Hear the cold splintering.

Those Winter Sundays

Sundays too my father got up early
and put his clothes on in the blueblack cold,
then with cracked hands that ached
from labor in the weekday weather made
banked fires blaze. No one ever thanked him.

I’d wake and hear the cold splintering, breaking.
When the rooms were warm, he’d call,
and slowly I would rise and dress,
fearing the chronic angers of that house,

Speaking indifferently to him,
who had driven out the cold
and polished my good shoes as well.
What did I know, what did I know
of love’s austere and lonely offices?

-Robert Hayden

Hear the poet reading his poem.

11 thoughts on “Hear the cold splintering.

  1. Oh, how I love this poem because it reminds me of my own dear husband who lights a fire in the wood stove each morning and warms the bed up for me each night.

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    1. Maybe the poet realized later in life that he didn’t understand, at least when he was a child, the emotions or behavior of his father. As an adult he knows more of the complexities of love and service, and can accept and appreciate his father better. He doesn’t seem to be haunted by the angers himself, but rather to have forgiven them for love’s sake.

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    1. Thank you so much, Kristi! I hadn’t thought of researching the poet, and I also didn’t know he had been Poet Laureate. The article you link to does enrich the experience of the poem, and also is very encouraging as a story of the strength of the human spirit that can grow and bear fruit even under harsh conditions. God bless him!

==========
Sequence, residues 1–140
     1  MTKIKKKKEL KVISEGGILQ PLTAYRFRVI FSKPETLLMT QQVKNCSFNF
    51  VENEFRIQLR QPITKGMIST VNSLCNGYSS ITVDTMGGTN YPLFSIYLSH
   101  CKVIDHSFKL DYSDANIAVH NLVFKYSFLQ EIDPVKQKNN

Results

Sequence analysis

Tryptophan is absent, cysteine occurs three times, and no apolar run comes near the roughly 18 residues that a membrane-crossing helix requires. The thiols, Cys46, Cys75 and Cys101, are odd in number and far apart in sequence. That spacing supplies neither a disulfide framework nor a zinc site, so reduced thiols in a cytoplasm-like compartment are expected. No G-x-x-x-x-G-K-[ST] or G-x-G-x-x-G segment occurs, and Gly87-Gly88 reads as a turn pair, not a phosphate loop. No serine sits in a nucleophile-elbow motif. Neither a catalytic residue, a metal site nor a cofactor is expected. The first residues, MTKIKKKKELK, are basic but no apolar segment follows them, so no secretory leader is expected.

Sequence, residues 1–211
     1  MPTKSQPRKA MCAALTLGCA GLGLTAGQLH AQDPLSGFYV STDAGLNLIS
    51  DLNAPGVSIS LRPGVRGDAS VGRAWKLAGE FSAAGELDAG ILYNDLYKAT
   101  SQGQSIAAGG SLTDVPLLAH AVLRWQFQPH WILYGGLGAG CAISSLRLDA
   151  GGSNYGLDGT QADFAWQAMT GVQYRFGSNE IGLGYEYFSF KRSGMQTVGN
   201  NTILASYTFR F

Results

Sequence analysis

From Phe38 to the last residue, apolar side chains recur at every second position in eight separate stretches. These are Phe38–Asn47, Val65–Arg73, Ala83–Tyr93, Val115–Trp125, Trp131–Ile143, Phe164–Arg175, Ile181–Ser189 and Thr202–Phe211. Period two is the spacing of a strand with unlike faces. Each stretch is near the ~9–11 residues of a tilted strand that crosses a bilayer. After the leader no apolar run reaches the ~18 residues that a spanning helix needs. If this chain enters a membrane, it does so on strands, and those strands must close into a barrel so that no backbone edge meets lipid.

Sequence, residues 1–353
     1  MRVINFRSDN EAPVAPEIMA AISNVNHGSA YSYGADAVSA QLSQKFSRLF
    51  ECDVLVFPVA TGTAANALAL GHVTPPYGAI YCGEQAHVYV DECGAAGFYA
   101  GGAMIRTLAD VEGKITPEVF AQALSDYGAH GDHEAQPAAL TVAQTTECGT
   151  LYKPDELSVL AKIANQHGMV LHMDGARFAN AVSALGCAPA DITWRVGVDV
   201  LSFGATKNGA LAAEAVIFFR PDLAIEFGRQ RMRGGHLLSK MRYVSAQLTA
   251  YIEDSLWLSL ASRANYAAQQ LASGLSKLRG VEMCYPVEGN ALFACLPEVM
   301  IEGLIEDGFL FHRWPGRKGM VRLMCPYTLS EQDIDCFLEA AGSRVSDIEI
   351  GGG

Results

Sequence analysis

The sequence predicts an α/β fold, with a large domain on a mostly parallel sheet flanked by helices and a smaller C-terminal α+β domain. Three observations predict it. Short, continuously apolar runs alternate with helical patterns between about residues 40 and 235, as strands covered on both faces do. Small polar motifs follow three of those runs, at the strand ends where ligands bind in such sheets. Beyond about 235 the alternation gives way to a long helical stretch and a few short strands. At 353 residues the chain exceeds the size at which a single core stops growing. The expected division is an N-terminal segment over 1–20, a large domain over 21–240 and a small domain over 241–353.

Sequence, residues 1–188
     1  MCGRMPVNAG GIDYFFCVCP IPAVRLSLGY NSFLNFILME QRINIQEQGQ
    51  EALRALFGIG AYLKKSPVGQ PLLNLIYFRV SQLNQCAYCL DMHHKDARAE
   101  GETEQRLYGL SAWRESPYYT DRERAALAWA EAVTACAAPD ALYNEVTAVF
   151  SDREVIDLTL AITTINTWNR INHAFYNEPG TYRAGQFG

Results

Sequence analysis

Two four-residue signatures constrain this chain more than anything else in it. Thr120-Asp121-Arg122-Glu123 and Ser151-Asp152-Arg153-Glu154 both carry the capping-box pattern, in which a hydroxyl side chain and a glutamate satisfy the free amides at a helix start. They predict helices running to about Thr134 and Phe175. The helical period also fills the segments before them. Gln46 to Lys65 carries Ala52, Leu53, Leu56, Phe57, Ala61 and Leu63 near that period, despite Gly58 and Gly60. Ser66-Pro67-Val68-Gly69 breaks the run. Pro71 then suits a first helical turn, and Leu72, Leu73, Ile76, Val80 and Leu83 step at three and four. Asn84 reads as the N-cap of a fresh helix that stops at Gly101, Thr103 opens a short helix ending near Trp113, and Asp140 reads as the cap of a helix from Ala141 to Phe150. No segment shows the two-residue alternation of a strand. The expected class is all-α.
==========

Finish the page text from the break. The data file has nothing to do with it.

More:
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  2. This last weeks of packing I’ve been lazy about commenting on blog friends’ posts but have read many of them. I read each of your posts about your visits east and enjoyed them very much. I read the poem here the other day, so struck by it reminding me of other men who worked so hard and were not given to expressing their feelings. I’m so glad I came back and listened to the poet read this poem himself. Some of the love for the father of the son all grown up was in his voice.

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